IMF bombshell: Age of America nears end . . . The International Monetary Fund has just dropped a bombshell, and nobody noticed. For the first time, the international organization has set a date for the moment when the "Age of America" will end and the U.S. economy will be overtaken by that of China. Brett Arends looks at the implications for the U.S. dollar and the Treasury market. And it's a lot closer than you may think. According to the latest IMF official forecasts, China's economy will surpass that of America in real terms in 2016 – just five years from now. – MarketWatch
Dominant Social Theme: America is finished and Anglo-American elites are in disarray.
Free-Market Analysis: Brett Arends has what every journalist seeks, an important scoop regarding a large organization, the International Monetary Fund, and a new perspective that shakes common wisdom. Put that in your calendar, he almost shouts. "It provides a painful context for the budget wrangling taking place in Washington right now. It raises enormous questions about what the international security system is going to look like in just a handful of years. And it casts a deepening cloud over both the U.S. dollar and the giant Treasury market, which have been propped up for decades by their privileged status as the liabilities of the world's hegemonic power." Wow. Here's more:
According to the IMF forecast, whomever is elected U.S. president next year – Obama? Mitt Romney? Donald Trump? – will be the last to preside over the world's largest economy. Most people aren't prepared for this. They aren't even aware it's that close. Listen to experts of various stripes, and they will tell you this moment is decades away." The most bearish will put the figure in the mid-2020s. But they're miscounting.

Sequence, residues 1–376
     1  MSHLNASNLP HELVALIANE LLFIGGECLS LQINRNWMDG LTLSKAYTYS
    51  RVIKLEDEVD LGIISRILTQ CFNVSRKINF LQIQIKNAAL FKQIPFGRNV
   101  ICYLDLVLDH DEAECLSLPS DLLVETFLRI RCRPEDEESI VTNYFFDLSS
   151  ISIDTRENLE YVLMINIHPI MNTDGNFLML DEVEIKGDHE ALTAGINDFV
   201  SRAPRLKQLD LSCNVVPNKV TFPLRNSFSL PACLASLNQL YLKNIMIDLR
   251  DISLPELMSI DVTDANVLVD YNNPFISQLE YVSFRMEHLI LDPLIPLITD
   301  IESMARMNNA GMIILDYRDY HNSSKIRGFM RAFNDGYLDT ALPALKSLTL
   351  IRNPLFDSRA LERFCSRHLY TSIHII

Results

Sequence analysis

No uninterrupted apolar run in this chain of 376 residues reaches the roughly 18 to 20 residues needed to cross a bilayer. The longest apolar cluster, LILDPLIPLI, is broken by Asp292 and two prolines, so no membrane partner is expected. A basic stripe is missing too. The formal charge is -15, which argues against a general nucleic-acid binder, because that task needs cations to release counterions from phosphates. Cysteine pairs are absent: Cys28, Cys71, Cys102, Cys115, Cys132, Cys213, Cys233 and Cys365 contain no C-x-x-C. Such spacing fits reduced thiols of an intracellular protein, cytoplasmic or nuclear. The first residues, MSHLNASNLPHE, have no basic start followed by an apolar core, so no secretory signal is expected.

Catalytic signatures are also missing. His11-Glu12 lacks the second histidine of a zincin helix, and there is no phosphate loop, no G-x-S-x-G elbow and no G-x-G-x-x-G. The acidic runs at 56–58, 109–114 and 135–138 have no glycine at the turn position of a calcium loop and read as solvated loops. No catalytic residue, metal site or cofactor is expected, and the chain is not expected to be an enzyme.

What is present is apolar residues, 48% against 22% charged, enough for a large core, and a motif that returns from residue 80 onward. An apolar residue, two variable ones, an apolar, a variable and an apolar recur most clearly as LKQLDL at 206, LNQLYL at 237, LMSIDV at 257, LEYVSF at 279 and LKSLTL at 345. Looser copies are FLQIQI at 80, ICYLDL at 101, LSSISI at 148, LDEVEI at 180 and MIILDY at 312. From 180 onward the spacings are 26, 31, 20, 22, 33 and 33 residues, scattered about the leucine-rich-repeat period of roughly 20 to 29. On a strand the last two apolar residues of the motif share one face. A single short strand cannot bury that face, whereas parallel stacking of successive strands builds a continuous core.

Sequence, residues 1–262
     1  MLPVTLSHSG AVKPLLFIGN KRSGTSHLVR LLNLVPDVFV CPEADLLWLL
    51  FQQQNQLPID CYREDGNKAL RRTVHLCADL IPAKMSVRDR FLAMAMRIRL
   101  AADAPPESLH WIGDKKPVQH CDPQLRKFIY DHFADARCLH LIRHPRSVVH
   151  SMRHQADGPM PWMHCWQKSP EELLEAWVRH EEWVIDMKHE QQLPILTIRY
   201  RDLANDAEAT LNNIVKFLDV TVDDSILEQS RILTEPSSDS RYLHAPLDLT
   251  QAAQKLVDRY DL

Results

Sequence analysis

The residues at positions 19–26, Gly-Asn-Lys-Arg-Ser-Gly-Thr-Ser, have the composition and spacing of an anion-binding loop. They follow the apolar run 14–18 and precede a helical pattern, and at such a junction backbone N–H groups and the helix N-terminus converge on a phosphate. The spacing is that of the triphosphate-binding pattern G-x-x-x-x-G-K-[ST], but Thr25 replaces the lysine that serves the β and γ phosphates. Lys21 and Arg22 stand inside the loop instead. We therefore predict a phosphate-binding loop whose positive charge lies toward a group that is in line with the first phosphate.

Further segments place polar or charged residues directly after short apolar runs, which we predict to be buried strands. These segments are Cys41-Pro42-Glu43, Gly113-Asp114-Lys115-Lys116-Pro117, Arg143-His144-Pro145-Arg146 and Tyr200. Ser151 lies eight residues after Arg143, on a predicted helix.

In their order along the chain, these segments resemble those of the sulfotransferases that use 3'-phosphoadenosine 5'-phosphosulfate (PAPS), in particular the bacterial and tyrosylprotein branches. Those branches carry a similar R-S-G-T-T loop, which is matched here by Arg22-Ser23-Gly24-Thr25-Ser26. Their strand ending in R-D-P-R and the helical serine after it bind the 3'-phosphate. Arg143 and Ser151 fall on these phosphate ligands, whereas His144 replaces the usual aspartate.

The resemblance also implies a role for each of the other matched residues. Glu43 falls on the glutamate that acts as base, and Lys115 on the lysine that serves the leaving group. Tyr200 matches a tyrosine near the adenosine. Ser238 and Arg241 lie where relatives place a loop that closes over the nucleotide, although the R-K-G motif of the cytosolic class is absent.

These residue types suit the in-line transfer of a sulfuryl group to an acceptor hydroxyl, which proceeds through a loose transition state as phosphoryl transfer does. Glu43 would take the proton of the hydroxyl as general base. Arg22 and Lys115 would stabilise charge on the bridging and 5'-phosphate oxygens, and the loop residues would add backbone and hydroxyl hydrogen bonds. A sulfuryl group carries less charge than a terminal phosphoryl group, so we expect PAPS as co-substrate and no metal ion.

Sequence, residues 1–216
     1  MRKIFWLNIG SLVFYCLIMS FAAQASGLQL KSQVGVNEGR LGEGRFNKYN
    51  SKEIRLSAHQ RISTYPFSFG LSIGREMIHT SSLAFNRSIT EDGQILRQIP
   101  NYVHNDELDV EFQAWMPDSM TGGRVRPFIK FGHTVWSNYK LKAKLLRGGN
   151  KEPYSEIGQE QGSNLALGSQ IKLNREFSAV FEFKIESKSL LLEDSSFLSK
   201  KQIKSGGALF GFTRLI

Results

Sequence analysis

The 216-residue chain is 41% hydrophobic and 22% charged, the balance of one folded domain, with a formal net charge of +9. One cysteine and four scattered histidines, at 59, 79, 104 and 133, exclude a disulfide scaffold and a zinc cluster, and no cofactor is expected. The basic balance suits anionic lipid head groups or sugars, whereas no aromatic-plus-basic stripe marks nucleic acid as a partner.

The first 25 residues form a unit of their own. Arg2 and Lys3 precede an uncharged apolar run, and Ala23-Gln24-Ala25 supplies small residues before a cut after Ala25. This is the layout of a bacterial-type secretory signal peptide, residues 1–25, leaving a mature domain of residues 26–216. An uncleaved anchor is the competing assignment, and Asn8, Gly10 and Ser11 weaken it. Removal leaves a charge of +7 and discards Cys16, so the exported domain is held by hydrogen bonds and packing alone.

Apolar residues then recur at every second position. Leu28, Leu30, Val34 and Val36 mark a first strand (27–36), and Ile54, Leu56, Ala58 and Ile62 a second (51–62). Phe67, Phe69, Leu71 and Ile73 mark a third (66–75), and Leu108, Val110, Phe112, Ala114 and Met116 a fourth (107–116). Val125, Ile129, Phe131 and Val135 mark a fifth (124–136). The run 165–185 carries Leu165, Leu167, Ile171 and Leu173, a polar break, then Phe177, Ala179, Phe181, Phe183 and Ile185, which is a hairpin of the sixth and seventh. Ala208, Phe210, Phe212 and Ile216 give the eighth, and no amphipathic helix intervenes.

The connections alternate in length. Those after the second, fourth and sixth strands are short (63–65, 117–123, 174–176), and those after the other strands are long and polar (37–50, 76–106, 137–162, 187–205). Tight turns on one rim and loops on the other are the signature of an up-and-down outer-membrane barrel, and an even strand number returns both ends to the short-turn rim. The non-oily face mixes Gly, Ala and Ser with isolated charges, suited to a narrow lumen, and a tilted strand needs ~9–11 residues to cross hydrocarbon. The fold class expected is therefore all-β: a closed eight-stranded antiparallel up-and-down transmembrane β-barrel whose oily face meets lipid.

They're only comparing the gross domestic products of the two countries using current exchange rates. That's a largely meaningless comparison in real terms. Exchange rates change quickly. And China's exchange rates are phony. China artificially undervalues its currency, the renminbi, through massive intervention in the markets. The IMF in its analysis looks beyond exchange rates to the true, real terms picture of the economies using "purchasing power parities."
That compares what people earn and spend in real terms in their domestic economies. Under PPP, the Chinese economy will expand from $11.2 trillion this year to $19 trillion in 2016. Meanwhile the size of the U.S. economy will rise from $15.2 trillion to $18.8 trillion. That would take America's share of the world output down to 17.7%, the lowest in modern times. China's would reach 18%, and rising. Just 10 years ago, the U.S. economy was three times the size of China's.
We find this interesting because just a couple of days ago, we posted an editorial by Daily Bell Chief Editor Anthony Wile, "IMF Austerity Is Headed to America – Watch Out!," that promoted the same kind of approach to China/America comparisons. Here's an excerpt:
… Rob Arnott of Research Affiliates, "a Newport Beach, Calif., investment management firm with some $50 billion under management" writes a monthly newsletter [and] claims that the US economy hasn't been providing additional prosperity for at least a decade or longer. He believes the reason this isn't more widely understood is because the government produced Gross Domestic Product (GDP) is offering false signals. "[It] actually tracks consumption, irresponsible or otherwise, rather than real wealth generation."
… The idea is that US policy-makers ought to focus on Structural GDP and Private Sector GDP – numerical indicators that strip out misleading government spending – to get a better sense of the US's underlying economic situation. But the real message in Barr's article, like the FT's, has to do with IMF-style remedies in my view. The phrase "less ridiculous tax code" seems to bear that out.
Now only a couple of days later we have the IMF coming out and saying approximately the same thing – use another measurement of GDP to arrive at better comparisons about how American and China are to be compared. It's impossible to forecast a dominant social theme from two or three instances of a rhetorical and data trend in the mainstream press but we are always suspicious.